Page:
Other actors are impressive. Ed Franklin plays the soon-to-be-late King Duncan in an interesting way, as a friendly guy delighted to have his job; his demise is all the more stark for the contrast. As the drunken porter who tardily answers banging at the gate (right after a fraught scene with the Macbeths dripping blood), Paul Romero makes sure we are having as much fun as he is.

Crucial characterizations are former military comrade Macduff and his wife, whom he has left unguarded at home after fleeing Macbeth. In her brief scene, Marion Markham provides Lady Macduff with enough gentle personality for us to especially care when she and her two children are slain by the new king's thugs. With that background, the reaction of J.P. Driscoll's Macduff is affectingly muted and understated, since we are already grieving with him.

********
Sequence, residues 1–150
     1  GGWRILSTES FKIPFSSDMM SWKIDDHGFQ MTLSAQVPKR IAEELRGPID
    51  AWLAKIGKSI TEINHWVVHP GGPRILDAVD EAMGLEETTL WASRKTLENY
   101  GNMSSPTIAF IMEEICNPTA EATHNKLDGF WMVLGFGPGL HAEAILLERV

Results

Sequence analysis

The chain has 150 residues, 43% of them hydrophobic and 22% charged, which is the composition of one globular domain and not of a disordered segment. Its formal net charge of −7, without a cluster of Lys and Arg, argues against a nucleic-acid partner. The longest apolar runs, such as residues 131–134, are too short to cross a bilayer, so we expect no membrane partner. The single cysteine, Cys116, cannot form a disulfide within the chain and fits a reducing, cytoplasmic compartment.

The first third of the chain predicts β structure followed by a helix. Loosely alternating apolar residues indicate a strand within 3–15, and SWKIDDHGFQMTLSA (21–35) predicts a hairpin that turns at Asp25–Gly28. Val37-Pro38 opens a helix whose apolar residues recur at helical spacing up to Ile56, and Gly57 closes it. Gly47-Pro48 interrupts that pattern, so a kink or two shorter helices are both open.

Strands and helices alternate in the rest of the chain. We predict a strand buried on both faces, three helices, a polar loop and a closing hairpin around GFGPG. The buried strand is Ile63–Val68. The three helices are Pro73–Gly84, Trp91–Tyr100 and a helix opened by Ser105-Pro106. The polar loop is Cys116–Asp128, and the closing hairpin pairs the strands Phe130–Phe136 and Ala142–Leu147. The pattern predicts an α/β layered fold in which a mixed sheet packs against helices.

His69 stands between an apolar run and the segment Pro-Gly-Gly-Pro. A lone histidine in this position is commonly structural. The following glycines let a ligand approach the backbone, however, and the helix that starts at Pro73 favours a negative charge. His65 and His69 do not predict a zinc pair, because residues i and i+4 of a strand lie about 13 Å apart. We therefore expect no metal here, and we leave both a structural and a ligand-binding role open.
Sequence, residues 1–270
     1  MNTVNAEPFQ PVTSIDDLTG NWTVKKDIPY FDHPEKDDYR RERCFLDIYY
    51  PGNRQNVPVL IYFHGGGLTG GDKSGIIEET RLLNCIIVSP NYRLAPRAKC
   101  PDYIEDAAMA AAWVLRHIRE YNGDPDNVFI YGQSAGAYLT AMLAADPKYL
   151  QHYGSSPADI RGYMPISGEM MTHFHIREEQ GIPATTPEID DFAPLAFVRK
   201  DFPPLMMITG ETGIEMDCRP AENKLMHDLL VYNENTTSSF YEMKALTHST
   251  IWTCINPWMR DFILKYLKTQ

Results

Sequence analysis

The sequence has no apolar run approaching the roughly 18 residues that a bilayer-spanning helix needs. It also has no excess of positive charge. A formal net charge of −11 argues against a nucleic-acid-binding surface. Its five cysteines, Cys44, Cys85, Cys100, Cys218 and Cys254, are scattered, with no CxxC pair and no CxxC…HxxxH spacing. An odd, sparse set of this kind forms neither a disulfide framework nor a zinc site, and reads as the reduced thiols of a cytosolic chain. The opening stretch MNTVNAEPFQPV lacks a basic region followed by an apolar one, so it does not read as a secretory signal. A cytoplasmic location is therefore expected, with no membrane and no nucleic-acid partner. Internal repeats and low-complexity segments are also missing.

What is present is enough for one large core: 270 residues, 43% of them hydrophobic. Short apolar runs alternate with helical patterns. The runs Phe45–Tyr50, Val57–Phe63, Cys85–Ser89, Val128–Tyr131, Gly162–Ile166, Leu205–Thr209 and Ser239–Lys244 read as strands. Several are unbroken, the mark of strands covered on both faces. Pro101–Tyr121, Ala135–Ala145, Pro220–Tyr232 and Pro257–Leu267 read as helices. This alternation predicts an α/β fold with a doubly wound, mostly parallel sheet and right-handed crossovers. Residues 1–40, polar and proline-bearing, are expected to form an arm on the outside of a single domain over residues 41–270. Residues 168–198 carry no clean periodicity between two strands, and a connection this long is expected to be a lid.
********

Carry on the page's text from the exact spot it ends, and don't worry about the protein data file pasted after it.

Whether in spite of all the gore or because of it, Macbeth in Wilcox Park is a bloody good show.

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  Topics: Theater , Enrique Bravo, Harland Meltzer, MACBETH,  More more >
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